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Why a Barbie in honor of “Selma” director Ava DuVernay is a big deal


  1. Mattel has created a Barbie in honor of Ava DuVernay, the director of the Oscar-nominated civil rights drama Selma.
  2. DuVernay's doll is one in a new set of "Shero" Barbies, described by Mattel as "female heroes who inspire girls by breaking boundaries and expanding possibilities for women everywhere."
  3. Other Sheroes include actors Emmy Rossum and Kristin Chenoweth, singer Trisha Yearwood, fashion magazine editor Eva Chen, and 5-year-old fashion designer Sydney "Mayhem" Keiser.


Why people are so excited

DuVernay isn't just any director — she's the first black woman to direct a film nominated for a Best Picture Oscar. And Selma, which depicted Martin Luther King's 1965 marches from Selma, Alabama, to Montgomery, to fight for voting rights, is one of the most celebrated films about the African-American experience in recent memory. (Paramount Pictures announced this week that it will provide a complimentary copy of the movie to every high school in the country.)

DuVernay is also the founder of African-American Film Festival Releasing Movement, a program designed to provide opportunities to a diverse set of filmmakers who are underrepresented in the industry.

So DuVernay's Barbie (which has her skin tone and signature hair style, and a face that appears to be modeled after her own features) is being embraced by black parents who notoriously struggle to find dolls that look like their daughters. And along with the rest in the series, the doll is being celebrated by people of all races who reject the sexist messages sent by many of the toys that are created for girls — that the most important things in life are beauty and fashion versus achievement and service.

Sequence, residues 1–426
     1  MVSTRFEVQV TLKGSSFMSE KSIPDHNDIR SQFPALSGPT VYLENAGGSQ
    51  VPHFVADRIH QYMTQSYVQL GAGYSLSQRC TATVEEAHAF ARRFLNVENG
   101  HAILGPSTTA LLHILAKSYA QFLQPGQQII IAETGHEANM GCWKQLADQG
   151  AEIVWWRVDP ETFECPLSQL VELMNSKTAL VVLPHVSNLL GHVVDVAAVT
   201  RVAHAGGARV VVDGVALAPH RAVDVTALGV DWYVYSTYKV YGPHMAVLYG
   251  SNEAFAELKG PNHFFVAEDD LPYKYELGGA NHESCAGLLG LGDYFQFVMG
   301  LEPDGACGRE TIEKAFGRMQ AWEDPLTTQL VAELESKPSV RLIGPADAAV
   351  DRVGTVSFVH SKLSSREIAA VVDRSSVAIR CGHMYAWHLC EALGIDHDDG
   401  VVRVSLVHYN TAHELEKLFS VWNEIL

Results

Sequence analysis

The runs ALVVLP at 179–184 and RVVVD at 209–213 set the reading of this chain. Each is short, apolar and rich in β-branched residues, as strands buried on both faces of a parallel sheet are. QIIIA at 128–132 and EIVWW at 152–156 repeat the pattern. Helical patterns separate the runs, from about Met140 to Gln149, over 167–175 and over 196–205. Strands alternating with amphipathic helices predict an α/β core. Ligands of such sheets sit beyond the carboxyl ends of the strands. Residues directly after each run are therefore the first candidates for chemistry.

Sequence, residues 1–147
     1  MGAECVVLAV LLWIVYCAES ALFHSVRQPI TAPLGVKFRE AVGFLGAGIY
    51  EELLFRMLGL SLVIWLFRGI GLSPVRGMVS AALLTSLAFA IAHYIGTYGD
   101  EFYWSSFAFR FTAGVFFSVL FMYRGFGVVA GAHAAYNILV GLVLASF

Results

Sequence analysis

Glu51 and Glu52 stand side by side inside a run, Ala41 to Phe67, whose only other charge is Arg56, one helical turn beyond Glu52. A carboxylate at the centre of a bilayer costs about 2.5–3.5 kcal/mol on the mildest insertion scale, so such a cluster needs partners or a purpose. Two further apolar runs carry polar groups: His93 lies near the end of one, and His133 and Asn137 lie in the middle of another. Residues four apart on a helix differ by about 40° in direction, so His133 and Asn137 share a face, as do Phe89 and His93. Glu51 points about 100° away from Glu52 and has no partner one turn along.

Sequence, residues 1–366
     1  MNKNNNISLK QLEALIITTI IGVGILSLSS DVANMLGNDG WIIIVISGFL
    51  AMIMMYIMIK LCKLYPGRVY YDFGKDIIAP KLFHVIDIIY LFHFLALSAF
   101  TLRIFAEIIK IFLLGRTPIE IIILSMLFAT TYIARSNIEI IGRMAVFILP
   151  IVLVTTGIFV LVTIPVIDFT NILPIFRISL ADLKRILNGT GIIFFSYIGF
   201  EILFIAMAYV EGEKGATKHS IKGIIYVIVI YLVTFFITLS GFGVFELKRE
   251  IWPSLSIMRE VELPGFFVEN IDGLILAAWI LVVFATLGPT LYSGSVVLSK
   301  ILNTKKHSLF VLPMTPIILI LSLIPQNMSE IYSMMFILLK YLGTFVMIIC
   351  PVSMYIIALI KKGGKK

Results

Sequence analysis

Sure, there are things to nitpick: the dolls don't appear to escape the old and often-criticized ridiculous Barbie body proportions, and there's the question of why they're called "Sheroes" when, well, we already have a word for heroes who happen to be women.

More disappointing to many fans is that the Barbies are not actually available for sale to the public. As the Huffington Post reports, single copies of each doll will be auctioned off to charities chosen by the women they honor.

But that's hardly putting a damper on the excitement of those who are gushing over how a doll in the image of a groundbreaking and philanthropic African-American woman would have improved their own childhoods — including DuVernay herself, who tweeted:

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